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Catching-Up Roundup

January 6, 2013

Contrary to the evidence of my blogging (or absence therefrom) since midyear in 2012, I continued to read several books before the year was out. And because reading has always been so much more rewarding to me than writing, I of course found time to read but not to write.

Now that the freezer and cupboards are stuffed and the wintry weather precludes other pressing activities, I’m back here to attend to this poor neglected blog. It seems I’ve read quite a few books since I last wrote, but I’d never do them justice after so many weeks since reading them. Therefore a catching-up, single post to tell you about them in short spurts.

Giotto’s Hand

A number of years ago I read a fun detective story by Iain Pears, called The Instance of the Fingerpost, and determined to read more by him. Last year I read a somewhat complex story of his called The Dream of Scipio, and this year I thoroughly enjoyed Giotto’s Hand. The latter is much less intense than the other two, being a great mystery for beach and other summer reading. It seems it’s one in a series, by which I suppose the characters recur in other novels. This one is a delightful mystery about art theft, with interesting characters and charming dialogue. [Like]

Case Histories

Really, it’s quite astonishing how serendipitous life can be! I enjoy mysteries occasionally, but don’t really read them very often. Yet right after finishing the Pears book, I picked up Case Histories by Kate Atkinson, thinking it was a “woman’s novel.” Turns out it was another mystery, this time a Jackson Brodie mystery (that’s the main character’s name). Although this one includes darker deeds to unravel than art theft, it was nevertheless just as enjoyable (and quick!) a read as the previous. This one concerns a group of sisters who have been haunted by the long-ago disappearance of their youngest sibling. There’s much sadness over loss of a loved one, yet most of the characters we care about find happy endings in the last chapter. Another good read for the beach or summer. [Like]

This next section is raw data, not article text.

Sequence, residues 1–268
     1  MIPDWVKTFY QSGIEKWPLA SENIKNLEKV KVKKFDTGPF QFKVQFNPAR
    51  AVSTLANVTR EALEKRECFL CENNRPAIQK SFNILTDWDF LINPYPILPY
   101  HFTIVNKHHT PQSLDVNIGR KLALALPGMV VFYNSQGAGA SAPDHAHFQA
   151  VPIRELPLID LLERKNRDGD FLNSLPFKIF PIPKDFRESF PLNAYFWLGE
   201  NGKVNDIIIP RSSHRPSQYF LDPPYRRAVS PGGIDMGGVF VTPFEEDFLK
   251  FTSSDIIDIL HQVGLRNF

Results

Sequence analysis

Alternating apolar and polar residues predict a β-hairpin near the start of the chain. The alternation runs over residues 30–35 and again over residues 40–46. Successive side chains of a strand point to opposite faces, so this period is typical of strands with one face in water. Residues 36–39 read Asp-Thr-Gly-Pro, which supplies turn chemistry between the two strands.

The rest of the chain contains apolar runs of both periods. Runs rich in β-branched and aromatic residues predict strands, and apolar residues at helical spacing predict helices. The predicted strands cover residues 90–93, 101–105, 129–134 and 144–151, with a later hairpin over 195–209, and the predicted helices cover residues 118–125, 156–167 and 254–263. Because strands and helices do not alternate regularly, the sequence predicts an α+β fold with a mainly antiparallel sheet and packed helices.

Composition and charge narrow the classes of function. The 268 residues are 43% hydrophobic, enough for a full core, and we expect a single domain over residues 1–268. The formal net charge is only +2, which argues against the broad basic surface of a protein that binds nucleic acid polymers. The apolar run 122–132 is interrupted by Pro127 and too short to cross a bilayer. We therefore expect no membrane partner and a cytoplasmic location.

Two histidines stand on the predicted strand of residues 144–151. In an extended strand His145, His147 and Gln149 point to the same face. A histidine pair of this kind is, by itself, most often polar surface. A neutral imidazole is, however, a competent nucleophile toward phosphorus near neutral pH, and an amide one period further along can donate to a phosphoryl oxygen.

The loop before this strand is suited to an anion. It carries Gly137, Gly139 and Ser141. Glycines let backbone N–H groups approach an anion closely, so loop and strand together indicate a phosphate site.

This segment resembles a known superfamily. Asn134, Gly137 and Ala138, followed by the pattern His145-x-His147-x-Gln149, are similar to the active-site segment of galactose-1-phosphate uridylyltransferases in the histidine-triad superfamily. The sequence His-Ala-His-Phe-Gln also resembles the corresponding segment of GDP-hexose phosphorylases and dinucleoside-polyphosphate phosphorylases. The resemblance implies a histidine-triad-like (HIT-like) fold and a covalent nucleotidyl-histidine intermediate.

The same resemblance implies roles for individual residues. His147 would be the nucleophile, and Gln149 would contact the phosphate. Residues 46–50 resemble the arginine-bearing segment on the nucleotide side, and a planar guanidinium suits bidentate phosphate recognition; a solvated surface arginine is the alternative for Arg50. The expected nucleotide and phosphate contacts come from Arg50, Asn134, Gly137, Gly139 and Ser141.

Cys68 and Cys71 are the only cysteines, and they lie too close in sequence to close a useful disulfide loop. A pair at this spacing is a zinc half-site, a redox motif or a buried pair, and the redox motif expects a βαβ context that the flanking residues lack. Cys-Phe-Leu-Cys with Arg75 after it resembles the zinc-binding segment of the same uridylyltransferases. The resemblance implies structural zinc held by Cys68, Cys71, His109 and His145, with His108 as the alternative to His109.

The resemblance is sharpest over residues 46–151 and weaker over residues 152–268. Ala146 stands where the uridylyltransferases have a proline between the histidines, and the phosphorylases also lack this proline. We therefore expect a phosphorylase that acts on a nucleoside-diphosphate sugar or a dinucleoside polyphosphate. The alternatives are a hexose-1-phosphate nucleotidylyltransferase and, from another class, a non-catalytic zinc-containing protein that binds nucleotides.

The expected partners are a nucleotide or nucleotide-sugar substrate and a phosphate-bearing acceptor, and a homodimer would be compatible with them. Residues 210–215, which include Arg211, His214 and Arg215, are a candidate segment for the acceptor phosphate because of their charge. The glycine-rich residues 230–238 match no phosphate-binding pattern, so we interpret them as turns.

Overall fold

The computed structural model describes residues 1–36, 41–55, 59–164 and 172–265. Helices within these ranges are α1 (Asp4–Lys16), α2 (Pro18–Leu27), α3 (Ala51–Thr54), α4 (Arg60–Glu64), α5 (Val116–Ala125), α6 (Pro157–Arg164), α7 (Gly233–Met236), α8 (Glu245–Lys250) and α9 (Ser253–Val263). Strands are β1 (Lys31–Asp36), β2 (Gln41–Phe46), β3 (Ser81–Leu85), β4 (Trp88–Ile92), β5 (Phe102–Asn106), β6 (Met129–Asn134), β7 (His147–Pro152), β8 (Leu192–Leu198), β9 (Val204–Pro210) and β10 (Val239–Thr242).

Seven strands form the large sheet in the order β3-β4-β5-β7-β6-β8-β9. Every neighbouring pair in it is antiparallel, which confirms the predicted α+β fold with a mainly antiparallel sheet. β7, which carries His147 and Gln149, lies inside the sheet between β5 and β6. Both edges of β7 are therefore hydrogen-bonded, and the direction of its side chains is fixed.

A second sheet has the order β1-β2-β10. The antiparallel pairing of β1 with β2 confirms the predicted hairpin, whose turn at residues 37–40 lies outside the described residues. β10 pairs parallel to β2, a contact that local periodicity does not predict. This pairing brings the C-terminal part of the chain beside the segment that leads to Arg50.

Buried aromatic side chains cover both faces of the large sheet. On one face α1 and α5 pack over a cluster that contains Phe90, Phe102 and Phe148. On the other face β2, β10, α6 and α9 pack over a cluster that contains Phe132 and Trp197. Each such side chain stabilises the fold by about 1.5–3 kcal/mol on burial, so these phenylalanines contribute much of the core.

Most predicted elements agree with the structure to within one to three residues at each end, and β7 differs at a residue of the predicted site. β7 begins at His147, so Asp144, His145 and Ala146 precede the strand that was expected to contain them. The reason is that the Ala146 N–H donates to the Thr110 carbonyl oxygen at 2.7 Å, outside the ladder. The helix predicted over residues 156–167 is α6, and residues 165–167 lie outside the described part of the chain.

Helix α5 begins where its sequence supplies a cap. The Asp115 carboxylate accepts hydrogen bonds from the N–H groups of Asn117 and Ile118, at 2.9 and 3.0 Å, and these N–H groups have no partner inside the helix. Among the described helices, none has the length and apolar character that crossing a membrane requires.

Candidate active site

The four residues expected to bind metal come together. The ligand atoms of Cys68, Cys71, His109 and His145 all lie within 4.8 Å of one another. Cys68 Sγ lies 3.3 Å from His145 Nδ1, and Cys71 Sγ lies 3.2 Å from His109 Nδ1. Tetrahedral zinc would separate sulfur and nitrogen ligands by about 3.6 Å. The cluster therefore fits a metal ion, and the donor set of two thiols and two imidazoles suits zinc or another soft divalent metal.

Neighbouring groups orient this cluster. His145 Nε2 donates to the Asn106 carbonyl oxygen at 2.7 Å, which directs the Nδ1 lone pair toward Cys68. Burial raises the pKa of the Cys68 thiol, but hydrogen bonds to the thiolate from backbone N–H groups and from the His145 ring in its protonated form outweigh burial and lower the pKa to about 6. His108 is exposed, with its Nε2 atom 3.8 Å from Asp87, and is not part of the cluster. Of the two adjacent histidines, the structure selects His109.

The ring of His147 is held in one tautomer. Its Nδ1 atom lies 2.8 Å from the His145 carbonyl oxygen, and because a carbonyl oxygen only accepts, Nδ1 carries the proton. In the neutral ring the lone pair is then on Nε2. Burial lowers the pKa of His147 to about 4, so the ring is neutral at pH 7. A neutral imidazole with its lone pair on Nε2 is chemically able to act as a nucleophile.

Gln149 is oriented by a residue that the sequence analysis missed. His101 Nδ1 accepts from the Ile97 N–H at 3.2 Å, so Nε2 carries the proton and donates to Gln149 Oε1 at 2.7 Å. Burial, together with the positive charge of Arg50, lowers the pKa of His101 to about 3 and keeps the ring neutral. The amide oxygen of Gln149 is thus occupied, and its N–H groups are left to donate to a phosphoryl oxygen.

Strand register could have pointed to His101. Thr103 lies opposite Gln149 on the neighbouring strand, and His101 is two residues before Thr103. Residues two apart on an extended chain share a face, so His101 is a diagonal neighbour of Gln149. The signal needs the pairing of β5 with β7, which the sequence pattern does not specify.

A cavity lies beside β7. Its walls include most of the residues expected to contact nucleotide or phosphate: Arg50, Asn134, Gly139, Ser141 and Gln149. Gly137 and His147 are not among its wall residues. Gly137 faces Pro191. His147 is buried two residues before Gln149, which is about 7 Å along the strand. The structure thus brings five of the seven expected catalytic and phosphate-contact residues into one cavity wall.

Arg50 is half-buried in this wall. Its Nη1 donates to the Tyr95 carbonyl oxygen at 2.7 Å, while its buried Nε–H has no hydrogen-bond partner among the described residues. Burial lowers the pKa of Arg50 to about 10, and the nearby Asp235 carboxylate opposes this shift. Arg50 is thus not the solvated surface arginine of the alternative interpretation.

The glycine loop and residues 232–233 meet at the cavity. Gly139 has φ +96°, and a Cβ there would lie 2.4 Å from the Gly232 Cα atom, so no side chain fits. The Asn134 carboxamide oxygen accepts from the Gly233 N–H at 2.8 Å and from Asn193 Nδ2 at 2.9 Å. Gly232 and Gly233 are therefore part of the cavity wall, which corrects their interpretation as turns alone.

When We Were Orphans

images-2If you haven’t read anything by Kazuo Ishiguro, you must correct this oversight post haste! This guy is an amazingly good writer—his prose, his characters, his stories, his imagination are all mesmerizing. I read Never Let Me Go a few years ago and determined that I would read more of his stuff. So my next book was When We Were Orphans, a great story about a young British boy who grew up in Shanghai in the early 20th century. The story veers back and forth between his childhood (as he tells it) and his attempts (as an adult) to solve the mystery of his parents’ disappearance in Shanghai. The story is a page-turner, and the first-person perspective in this case is essential to the characterization of Banks (the boy’s name). This novel was one of my favorites of the year. [Love]

Forever 50 and Other Negotiations

My sister gave me a charming volume of poems, Forever 50 and Other Negotiations by Judith Viorst, for my birthday this year. I read it in about half an hour, but I did so enjoy it. The humor you may recognize (Viorst is the author of that classic children’s book, Alexander and the Terrible, Horrible, No Good, Very Bad Day), but the sentiments are perfect for those of us whose age is closer to the cost of a tank of gas than a cup of coffee. [Like]

Brunelleschi’s Dome

imagesAfter reading a slew of novels, I’m usually in the mood for a good history or unexpected nonfiction of some kind. So I turned to Ross King’s Brunelleschi’s Dome: How a Renaissance Genius Reinvented Architecture in the fall. What a treat this book was! My knowledge of architecture of any kind is pretty much nil, yet I found fascinating King’s account of how Florence’s wool guild (it’s complicated) commissioned Brunelleschi to complete the Santa Maria del Fiore cathedral by designing and building the dome that covers it. It seems he invented several new devises and apparatuses to hurdle the immense problems of weight and transportation of the materials available in 15-century Italy. And, this being a story of Renaissance Italy, there’s all kinds of intrigue and nastiness among Brunelleschi’s peers to keep your interest. [Love]

The Hobbit

If you’re reading my blog, it’s highly likely that you know about J. R. R. Tolkien’s The Hobbit. Suffice to say I was determined to reread it before the movie came out. And being a Tolkien geek of a rather high level, I had to see the movie on the day of its release, December 14. So I put down The Pickwick Papers (see below) about a third of the way in, and lost myself in this beloved story for what I think was the ninth time. By the way, the book is better, but go see the movie anyway. [Love]